New Librem15, terrible WiFi here, too. I looked at the ThinkPenguin card ~$60. Intel9260 ~$15 free deiivery tomorrow. I am good with swapping hardware. Not sure how to get/install the firmware blob; clearly I’ll have to snag it before I pull the old WiFi card. Did you ever write that tutorial or would you like some help doing that?

For me the ThinkPenguin card just worked on my Librem 13; I didn’t have to do anything because it was also Atheros.


Interesting. Does that mean you achieved good WiFi performance by swapping in the ThinkPenguin card using the original open-source driver? Or did you install the non-free Atheros driver? Do you have performance metrics?

I don’t own a Librem 13/15 to test this, but these instructions should work:

  1. Install your new Intel Wi-Fi card and then connect your laptop to your router via an Ethernet cable so you still have an internet connection.

  2. Edit your list of repos from the command line:
    sudo nano /etc/apt/sources.list

Add the following line:
deb http://mirrors.linux.iu.edu/linux/debian/ testing non-free contrib

Press CTL + X to exit and press Y to save.

  1. Then refresh the list of available packages:
    sudo apt update

  2. Then, install the Intel Wi-Fi firmware:
    sudo apt install firmware-iwlwifi

  3. Then, remove the Debian repos:
    sudo nano /etc/apt/sources.list

Delete the line:
deb http://mirrors.linux.iu.edu/linux/debian/ testing non-free contrib

  1. Then, refresh the list of packages:
    sudo apt update

That can be a problem on laptops that don’t have an ethernet port. (May have to try a USB dongle that gives you an ethernet port but that could be a can of worms of its own.)

Oh, I see that Purism removed the Ethernet port in recent models. OK, then do the above instructions with the Atheros Wi-Fi card installed. Then, install the Intel Wi-Fi card and enter this command:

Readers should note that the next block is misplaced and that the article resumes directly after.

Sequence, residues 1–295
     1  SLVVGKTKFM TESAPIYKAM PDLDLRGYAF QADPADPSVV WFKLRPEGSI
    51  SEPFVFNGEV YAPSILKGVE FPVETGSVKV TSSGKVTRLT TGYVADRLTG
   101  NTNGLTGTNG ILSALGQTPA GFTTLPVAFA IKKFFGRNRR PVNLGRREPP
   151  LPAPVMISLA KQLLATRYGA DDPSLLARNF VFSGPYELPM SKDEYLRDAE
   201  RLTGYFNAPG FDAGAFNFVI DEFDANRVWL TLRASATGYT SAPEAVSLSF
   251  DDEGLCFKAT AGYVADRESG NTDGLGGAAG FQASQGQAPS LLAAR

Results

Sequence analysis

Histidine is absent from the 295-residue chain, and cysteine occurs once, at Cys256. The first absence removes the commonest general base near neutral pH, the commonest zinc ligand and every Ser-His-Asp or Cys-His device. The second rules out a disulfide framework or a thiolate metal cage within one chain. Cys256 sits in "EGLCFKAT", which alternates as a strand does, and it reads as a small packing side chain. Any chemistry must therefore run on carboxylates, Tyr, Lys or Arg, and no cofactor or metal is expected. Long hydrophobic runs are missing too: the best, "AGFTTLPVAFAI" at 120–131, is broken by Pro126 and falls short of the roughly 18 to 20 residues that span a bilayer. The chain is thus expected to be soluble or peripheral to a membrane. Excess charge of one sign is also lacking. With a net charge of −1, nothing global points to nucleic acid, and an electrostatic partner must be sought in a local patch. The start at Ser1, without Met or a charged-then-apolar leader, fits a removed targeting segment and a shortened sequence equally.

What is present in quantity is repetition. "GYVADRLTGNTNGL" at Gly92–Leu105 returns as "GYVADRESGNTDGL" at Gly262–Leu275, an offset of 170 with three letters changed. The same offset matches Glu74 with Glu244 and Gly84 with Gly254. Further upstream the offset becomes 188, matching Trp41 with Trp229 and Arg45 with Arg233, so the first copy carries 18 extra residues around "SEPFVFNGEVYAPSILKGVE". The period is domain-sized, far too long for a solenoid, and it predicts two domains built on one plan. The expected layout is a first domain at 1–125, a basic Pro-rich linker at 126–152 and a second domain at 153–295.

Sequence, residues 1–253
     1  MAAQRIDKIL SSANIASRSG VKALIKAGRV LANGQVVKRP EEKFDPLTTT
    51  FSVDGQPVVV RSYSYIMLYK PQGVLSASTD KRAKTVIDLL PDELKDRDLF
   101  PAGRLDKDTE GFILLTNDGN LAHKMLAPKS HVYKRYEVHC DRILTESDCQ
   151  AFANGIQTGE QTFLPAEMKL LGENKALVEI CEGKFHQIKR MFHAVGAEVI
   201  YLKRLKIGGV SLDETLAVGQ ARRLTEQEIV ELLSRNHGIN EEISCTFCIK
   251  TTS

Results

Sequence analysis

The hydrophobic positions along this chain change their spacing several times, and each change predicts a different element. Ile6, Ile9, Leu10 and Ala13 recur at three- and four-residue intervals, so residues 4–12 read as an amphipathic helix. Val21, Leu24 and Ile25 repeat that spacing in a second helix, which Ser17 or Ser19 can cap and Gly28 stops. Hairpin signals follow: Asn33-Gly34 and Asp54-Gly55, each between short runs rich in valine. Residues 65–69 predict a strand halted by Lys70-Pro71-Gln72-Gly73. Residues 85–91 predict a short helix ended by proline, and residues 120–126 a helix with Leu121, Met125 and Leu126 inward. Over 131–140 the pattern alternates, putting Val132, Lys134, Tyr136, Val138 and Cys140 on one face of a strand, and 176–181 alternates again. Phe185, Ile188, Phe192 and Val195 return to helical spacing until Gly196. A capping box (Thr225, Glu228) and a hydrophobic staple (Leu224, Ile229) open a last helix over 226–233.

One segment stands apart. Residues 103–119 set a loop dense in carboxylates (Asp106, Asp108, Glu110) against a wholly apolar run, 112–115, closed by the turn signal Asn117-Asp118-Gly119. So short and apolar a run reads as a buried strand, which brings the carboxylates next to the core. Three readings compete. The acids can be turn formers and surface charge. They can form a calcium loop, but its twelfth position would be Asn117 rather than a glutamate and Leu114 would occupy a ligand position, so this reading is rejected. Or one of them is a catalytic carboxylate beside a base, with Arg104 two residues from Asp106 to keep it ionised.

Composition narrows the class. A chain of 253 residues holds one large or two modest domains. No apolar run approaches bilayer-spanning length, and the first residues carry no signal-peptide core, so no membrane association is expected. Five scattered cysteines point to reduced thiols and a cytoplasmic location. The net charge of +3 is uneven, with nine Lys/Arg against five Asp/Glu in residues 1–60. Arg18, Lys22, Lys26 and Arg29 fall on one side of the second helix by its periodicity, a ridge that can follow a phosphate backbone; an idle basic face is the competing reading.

sudo dpk-reconfigure firmware-iwlwifi

(I’m not sure if the package needs any reconfiguring with the Wi-Fi card installed, but some packages need to detect the hardware to configure correctly, so do it just in case.)


Thank you amosbattos.

I bought an Intel card and used your procedure (slightly modified). I don’t have USB-C to Ethernet adapter, plus running Cat-5 to the router is not practical. So I tethered my cell phone. I now have good solid WiFi and Bluetooth works. I understand that this is not a desirable solution for everyone. But it’s an acceptable risk for my situation.

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Yes. that is how i understand the thinkpenguin. There are two things to wofi cards as far as i know. Driver and a frimeware. The first is open source for more, also the intel i think, but many need closed source firmeware which also often need to be loaded at run time. So it needs to be part of you linux. That is what is in un free for intel i think.
Than there are cards wich have closed firmware which is embeded in the hardware and not upgradeable from the system and therefor considered equal to a hardware implementation. I think the thinkpenguin people get permission to ship the cards withe as free firmware and that is why it can be used without the non-free repo.
Disclaimer: i don’t own any of the hardware and so haven’t tested any of this. So i could be worng

this is what i did, it was less of a can of worms than i expected ! the adapter that i got (“Starlink USB31000S USB3-to-gigabit ethernet adapter”) almost maxes out 1Gbit/s, has upstream drivers in the Linux kernel (AX88179) and no firmware blobs
would have preferred a built-in ethernet port, mostly not to have an adapter bungling out, but this is very okay


If you haven’t already found it, the firmware blob is the link in my earlier post that the forum misinterpreted as an ad for intel, https://www.intel.com/content/www/us/en/support/articles/000005511/network-and-i-o/wireless-networking.html